Decentralisation minister says there will be “transitional arrangements”

The government has indicated councils will have time to prepare new local plans before the presumption in favour of sustainable development contained in the draft national planning framework comes into effect.

In a statement to MPs yesterday, decentralisation minister Greg Clark said that “We will … work closely with local authorities to ensure that appropriate transitional arrangements are in place before the new framework comes into force.”

It is not yet known what form the transitional arrangements will take, but campaigners and councils have been lobbying for anything up to a two-year grace period in order for councils to get local plans in order.

Clark told Building at the start of the month that “transitional arrangements” were an important part of the National Planning Policy Framework, but the statement is the first time the delay has been confirmed in Parliament.

Clark’s statement also said that the final draft of the NPPF will seek to balance economic and social aims with environmental considerations – something environmental campaigners have accused the NPPF of failing to do. He said: “The planning system has always enshrined the principle that the economic, environmental and social dimensions of sustainable development should be considered in a balanced way—and it will continue to do so.”

His comments come in advance of a debate on planning in the House of Commons today.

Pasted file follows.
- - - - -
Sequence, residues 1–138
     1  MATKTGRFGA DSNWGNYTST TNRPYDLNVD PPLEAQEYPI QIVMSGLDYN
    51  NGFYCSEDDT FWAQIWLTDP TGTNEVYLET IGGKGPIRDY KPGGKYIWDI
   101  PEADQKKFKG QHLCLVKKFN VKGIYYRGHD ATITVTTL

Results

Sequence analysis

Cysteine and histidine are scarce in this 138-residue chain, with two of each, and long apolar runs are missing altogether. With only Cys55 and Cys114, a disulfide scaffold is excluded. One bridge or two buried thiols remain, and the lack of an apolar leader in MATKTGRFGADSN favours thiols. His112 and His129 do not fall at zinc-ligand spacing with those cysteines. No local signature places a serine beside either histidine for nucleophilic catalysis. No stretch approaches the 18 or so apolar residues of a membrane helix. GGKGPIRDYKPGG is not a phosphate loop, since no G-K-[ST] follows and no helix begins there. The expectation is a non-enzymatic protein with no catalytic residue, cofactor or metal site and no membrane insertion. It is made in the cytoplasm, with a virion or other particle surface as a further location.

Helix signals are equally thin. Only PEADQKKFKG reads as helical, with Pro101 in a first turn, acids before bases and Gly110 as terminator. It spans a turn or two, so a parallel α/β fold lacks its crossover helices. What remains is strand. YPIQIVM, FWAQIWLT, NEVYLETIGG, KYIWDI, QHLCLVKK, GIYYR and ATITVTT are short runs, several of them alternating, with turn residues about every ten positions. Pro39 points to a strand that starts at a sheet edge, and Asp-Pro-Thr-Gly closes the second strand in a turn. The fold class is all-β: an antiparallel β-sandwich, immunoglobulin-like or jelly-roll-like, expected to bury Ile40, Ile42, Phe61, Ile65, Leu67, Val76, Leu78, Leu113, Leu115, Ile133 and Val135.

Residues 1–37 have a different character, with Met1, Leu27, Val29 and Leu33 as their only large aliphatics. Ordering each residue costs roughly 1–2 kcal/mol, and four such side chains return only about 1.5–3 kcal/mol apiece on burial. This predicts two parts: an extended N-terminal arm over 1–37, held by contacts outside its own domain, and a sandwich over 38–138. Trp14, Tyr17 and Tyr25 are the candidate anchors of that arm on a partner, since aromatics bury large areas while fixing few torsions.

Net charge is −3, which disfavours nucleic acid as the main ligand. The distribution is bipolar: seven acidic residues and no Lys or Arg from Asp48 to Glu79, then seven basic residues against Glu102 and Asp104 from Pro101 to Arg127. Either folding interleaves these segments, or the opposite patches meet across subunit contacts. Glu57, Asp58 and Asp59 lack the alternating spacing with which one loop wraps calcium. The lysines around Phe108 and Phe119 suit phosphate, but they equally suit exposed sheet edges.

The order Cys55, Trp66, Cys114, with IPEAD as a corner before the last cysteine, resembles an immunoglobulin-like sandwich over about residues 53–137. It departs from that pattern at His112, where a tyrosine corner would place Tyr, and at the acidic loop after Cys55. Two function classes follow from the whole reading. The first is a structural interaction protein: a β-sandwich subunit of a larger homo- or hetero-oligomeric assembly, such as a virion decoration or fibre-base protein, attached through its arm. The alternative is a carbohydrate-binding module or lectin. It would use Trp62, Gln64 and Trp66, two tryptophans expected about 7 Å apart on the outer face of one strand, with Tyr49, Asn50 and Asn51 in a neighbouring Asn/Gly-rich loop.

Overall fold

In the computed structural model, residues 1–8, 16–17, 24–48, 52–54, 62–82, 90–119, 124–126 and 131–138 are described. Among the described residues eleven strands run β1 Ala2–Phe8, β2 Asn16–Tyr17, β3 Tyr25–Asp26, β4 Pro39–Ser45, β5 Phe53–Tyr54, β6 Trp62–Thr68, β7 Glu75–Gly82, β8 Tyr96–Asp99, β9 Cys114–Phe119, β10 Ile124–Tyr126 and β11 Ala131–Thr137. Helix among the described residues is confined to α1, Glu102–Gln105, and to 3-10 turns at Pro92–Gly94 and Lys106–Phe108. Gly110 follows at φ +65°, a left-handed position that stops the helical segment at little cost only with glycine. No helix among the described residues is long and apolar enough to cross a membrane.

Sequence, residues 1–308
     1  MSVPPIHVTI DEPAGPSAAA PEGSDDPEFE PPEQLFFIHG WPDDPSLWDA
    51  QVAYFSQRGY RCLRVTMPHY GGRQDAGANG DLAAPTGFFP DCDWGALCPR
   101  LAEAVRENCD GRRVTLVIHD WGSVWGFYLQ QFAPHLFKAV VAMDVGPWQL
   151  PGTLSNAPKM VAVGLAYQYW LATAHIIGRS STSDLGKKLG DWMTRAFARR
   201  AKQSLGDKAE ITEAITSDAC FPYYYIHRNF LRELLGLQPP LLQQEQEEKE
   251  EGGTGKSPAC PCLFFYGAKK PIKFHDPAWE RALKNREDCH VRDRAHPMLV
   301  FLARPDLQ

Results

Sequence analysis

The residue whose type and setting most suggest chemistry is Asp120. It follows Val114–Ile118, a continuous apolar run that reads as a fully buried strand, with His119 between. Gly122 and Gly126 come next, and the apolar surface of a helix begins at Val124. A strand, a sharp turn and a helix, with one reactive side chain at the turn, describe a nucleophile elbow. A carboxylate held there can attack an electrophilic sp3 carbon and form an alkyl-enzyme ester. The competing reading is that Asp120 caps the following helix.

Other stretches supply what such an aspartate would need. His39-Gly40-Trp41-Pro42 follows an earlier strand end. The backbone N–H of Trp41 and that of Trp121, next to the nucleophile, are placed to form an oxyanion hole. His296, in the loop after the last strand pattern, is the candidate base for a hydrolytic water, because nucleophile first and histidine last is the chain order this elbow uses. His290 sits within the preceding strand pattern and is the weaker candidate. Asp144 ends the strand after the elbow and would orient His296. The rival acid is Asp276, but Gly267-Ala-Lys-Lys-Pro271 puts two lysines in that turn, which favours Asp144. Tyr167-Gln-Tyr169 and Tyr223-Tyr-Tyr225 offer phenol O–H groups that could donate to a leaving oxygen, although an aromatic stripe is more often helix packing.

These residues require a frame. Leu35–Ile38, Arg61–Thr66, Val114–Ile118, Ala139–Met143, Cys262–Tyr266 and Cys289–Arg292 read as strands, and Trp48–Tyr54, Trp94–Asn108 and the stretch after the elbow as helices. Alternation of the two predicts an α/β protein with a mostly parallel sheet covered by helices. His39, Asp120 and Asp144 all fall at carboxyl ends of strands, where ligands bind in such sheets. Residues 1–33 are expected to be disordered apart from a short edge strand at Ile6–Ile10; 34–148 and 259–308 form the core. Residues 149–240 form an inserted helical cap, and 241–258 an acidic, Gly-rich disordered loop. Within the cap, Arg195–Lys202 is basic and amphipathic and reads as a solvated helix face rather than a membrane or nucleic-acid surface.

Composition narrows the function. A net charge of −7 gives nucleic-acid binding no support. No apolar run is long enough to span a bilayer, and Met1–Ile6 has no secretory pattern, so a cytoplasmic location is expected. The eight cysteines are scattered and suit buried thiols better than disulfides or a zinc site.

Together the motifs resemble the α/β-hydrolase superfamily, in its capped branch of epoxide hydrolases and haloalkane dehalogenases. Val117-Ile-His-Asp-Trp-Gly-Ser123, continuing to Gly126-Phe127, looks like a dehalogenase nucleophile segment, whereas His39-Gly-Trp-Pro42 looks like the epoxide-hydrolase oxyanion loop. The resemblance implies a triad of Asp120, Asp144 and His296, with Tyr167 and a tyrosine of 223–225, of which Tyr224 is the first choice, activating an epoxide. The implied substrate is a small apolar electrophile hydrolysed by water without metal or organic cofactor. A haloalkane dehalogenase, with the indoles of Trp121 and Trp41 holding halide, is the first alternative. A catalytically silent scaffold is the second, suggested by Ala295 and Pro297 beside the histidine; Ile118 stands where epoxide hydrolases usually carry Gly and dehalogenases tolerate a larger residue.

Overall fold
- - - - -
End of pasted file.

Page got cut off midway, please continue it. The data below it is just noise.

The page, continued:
The timing of the introduction of the “presumption in favour” is crucial, because under the draft proposals anything up to 95% of the country would be subject to the presumption in favour because developers would be able to argue that local plans are out of date. A delay would give councils time to update plans to ensure they are able to keep control of development in their areas.

Beverley Firth, real estate partner at law firm Mills & Reeve, said: “The delay will be some comfort to many local authorities who are lagging behind on their core strategies. However, I am aware of at least one authority which has responded to the NPPF saying that they would need four years to implement their core strategy, so perhaps the comfort won’t extend to all.

“Indeed, with planning departments stripped down to a minimum in terms of staffing, one has to wonder how they are going to cope with bringing in transitional arrangements, which will include picking up the details that the NPPF leaves out, as well as filling the gaps left when Regional Strategies are revoked next year.”

 A spokesperson for the National Trust, said: ““We welcome the government’s commitment to “enshrine in the planning system the principle that the economic, environmental and social dimensions of sustainable development should be considered in a balanced way.” To reinforce this principle of balance, we believe it is essential that the draft National Planning Policy Framework is rewritten to make it absolutely clear, and not open to the high level of interpretation which would result from the draft.”